Michelangelo Pistoletto’s artwork consists of a large mirrored table (7 x 4 meters), designed specifically for the group exhibition “The Great Archipelago” at Kayu in December 2018 and twelve chairs. The idea is that during the exhibition period, Pistoletto’s artwork will host ten/twenty people to discuss and share the activities of the guests carried out on the territory (Indonesia), on ten themes inspired by the objectives of the Sustainable Development Goals (SDGs).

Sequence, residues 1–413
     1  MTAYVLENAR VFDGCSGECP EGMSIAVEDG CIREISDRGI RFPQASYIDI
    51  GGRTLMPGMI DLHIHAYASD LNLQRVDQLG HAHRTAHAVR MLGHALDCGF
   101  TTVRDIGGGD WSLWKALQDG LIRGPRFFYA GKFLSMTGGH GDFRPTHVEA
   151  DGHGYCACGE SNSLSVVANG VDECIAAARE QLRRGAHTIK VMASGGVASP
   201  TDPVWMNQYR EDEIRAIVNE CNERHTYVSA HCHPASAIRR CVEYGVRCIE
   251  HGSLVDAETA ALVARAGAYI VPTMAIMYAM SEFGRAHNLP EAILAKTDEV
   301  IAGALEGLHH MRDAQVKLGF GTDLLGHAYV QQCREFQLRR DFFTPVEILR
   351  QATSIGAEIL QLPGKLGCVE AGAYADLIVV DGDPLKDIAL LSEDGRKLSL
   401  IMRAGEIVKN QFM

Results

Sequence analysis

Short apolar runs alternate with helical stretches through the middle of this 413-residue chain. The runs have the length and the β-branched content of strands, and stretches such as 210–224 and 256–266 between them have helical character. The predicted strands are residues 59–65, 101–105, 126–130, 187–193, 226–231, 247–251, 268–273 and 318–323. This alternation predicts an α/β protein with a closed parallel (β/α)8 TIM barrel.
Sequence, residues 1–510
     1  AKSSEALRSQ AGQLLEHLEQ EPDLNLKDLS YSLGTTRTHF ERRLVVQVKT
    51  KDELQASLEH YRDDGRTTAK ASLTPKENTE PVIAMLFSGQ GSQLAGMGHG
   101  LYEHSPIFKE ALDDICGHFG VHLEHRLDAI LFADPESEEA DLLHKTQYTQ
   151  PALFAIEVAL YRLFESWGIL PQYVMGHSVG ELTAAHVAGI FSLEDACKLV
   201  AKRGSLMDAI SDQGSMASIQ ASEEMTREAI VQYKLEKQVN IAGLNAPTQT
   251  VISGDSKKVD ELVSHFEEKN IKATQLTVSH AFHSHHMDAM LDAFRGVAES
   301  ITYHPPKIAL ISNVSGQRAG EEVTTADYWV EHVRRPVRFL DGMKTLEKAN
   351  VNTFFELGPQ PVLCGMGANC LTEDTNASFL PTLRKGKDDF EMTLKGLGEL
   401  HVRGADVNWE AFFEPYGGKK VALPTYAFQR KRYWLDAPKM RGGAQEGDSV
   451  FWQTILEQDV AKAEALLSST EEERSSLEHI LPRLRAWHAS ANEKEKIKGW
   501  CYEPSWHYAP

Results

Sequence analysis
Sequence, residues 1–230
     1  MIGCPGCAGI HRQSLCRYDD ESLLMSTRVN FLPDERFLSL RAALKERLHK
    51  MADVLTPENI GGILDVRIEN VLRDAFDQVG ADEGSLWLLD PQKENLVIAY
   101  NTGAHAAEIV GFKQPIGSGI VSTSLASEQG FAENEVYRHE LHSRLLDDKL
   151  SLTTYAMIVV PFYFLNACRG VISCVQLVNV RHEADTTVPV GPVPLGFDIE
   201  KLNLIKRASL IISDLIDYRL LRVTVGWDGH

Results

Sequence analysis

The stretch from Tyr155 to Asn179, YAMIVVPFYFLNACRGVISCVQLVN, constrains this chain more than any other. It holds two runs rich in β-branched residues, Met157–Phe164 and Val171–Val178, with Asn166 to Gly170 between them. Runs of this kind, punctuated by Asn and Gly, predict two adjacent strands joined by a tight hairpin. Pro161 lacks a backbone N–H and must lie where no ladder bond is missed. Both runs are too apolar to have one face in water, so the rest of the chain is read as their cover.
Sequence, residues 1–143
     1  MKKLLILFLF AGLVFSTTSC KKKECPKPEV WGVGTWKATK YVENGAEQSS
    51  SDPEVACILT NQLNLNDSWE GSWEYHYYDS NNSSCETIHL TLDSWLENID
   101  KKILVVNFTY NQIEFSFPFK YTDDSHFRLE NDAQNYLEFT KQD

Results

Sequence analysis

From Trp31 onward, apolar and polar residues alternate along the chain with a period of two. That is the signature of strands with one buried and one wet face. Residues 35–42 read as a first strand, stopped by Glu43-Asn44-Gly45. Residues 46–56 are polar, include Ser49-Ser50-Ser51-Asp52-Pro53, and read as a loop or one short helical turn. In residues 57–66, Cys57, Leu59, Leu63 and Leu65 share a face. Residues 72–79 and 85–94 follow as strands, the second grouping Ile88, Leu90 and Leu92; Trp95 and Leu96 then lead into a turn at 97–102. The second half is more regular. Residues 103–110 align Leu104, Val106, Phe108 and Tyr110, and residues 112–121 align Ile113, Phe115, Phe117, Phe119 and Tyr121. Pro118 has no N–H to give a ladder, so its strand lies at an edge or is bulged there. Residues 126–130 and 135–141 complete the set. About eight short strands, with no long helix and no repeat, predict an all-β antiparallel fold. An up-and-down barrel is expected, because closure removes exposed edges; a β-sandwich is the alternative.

Prison Chess may be the only ‘genuine’ Arte Povera piece Rafram Chaddad made. “I worked on this chess board for two months, seated on the floor of the notorious Abu Salim prison in Tripoli. It was done out of boredom. I did it for my eyes only, not thinking of my time with Michelangelo Pistoletto at Cittadellarte – Fondazione Pistoletto, or about random art concepts. Slowly I waited for more bottles and more food boxes, slowly separating the aluminium layer from the cardboard. When I tried to look at myself in the dimmed reflection, maybe then I thought about the mirror works of Pistoletto. Then I played chess against myself, few times a day. I hate this game, but I did it to survive mentally. I kept losing to myself. Ten years later and Kayu Lucie Fontaine asked me to have this piece to be presented in an exhibition in Jakarta and since I forgot where I left the old one, made with blood and tears, I made a new one, much faster, but used the same techniques by hand, this time with music, light and the sea in front of me”, the artist explained.